More than 300 municipalities across Ohio has since approved aggregation plans including some of the area’s largest townships such as Green, Springfield and West Chester in Butler County.
‘We have a tremendous opportunity to negotiate savings and put real money back in the pockets of city residents, so that we can enjoy the benefits of competition that other communities in the region have seen,’ said Vice Mayor Roxanne Qualls, who sponsored ordinances to put both measures on the ballot.”
— Cincinnati Enquirer
Read the whole story
CINCINNATI — “Last Election Day, Cincinnati voters overwhelmingly approved Issues 44 and 45, authorizing the city to negotiate group buying rates for electricity and natural gas. Qualls sponsored the ordinances to put the measures on the ballot.
More than 300 communities across Ohio have saved hundreds of millions of dollars on their electric bills since Ohio made this innovative tool — known as aggregation — available to communities in 2000. Aggregation has proven to be an effective way for residential and small business utility customers to save money. According to a report last fall by Ohio Citizen Action, electric rates negotiated by other buying groups in the area ranged from 2 to 3 ½ cents per kilowatt-hour less than Duke’s generation rate, or “price to compare.”
Vice Mayor Qualls has invited administrators from nearby communities to describe their programs and the savings they’ve achieved. Green Township Administrator Kevin Celarek will speak at the January 30 hearing; Springfield Township Administrator Michael Hinnenkamp will talk about the savings their communities have seen.
Once City Council and the Public Utilities Commission of Ohio have approved a plan, the city administration will put the contracts out to bid, analyze the responses and recommend providers to the City Manager. The city will then notify residents of the terms of the contracts and how the program will work, including how residents can opt out if they wish. The city expects that the process should be completed ― and residents can start saving money on their monthly bills ― as soon as June 1.”
— Richard Todd, FOX19 News
Read the whole story
CINCINNATI — “Cincinnati voters approved electric aggregation in the city with a vote of 59% in favor, giving the go-ahead to form a community-buying group for electric that could provide substantial savings on electric bills.
When Ohio deregulated electricity in 1999, Ohio Citizen Action played a critical role in convincing the legislature to enact a new provision known as “public aggregation.” The effort to include aggregation was led by Ohio Citizen Action staff members Shari Weir and Jennifer O’Donnell. Ms. O’Donnell is Assistant to Vice Mayor Roxanne Qualls. Vice Mayor Qualls introduced the ordinance in Cincinnati City Council this summer.
The aggregation law allows residents of municipalities or townships to vote to have their local government serve as their representative in negotiating with electricity providers. The provision greatly increases the bargaining power of residential customers, and can be used to secure lower electric rates, bargain for the sources of electricity, or devise creative energy efficiency plans.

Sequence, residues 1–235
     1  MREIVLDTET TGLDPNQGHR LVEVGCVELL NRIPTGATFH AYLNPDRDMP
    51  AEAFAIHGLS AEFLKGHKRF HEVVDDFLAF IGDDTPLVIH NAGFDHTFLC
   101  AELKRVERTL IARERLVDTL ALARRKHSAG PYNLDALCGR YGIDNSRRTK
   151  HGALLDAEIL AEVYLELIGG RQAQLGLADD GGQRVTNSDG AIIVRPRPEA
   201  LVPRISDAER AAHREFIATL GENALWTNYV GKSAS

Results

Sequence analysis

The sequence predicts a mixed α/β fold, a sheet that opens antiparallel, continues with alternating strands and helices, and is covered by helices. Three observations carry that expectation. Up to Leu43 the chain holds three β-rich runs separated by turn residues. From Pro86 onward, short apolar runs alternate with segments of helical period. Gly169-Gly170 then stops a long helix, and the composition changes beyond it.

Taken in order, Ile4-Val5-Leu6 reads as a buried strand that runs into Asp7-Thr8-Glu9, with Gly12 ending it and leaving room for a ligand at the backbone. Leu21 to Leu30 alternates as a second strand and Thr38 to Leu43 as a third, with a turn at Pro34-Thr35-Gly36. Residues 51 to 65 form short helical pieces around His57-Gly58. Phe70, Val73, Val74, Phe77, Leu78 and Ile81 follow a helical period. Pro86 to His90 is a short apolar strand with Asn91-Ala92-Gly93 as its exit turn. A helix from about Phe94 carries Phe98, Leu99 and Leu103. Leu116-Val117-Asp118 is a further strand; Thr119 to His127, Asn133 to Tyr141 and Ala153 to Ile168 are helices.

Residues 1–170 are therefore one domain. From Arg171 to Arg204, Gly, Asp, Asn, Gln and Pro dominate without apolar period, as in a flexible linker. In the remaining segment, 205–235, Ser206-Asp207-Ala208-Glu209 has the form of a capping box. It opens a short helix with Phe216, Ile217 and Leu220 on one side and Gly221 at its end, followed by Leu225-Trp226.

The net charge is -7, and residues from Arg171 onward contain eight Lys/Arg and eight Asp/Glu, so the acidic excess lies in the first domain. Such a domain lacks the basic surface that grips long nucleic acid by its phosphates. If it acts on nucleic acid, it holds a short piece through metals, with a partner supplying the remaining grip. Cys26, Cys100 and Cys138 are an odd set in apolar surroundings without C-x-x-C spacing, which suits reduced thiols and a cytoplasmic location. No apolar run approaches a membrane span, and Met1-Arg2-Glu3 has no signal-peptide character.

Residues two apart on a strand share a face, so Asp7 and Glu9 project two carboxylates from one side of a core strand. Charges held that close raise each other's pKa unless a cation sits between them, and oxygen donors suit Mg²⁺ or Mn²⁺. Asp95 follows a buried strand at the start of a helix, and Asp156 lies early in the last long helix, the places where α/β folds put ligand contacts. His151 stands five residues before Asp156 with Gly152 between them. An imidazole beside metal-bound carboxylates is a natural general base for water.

Ohio Citizen Action worked hard to educate voters about issue 44 in Cincinnati by attending dozens of candidate and issue nights, appearing on WVXU’s “Impact Cincinnati” radio show with MaryAnn Zeleznick and released a report entitled “Plugging into savings: Communities lower electric bills through competition” which showed Greater Cincinnati area communities had saved millions of dollars through electric aggregation.
All told, Ohio Citizen Action has a 7-4 record in state and local ballot initiative campaigns, and has won the last five in a row.”
— Rachel Belz, Coal Program Organizer, Ohio Citizen Action
— Abby Miller, Record Herald
CINCINNATI — “If approved by voters, this measure would allow the city to form a ‘community buying group’ on behalf of Cincinnati residents to obtain a bulk discount on the purchase of electricity.
By harnessing the collective buying power of many people, the city will be able to better negotiate for lower power rates from competing firms vying for its contract. If any resident didn’t like the deal, he or she would be able to opt out and select another provider.
Aggregation already has been used with great success in nearby suburbs. Cheviot’s supply contract saved its residents 65 percent over Duke Energy’s best Ohio rate, while residents of Indian Hill save an average of $74 each month on electricity with a guaranteed rate.
So far, nine other Hamilton County communities have opted for electric aggregation. It makes good financial sense for Cincinnati to follow suit.
— Cincinnati CityBeat
• Pro Issue 44 — Dan Korman is owner of Park+Vine in Over-the-Rhine and a member of Over-the-Rhine Chamber of Commerce and Downtown Cincinnati Inc.
• Con Issue 44 — Chuck Lanager is executive director of Global Energy Market Services, an energy broker and consultant licensed by the Public Utilities Commission of Ohio.
GREENE TWP, PA — “Operating under a new name, concerned residents in westernmost Beaver County are persisting with the same aim: convincing government to contain coal ash.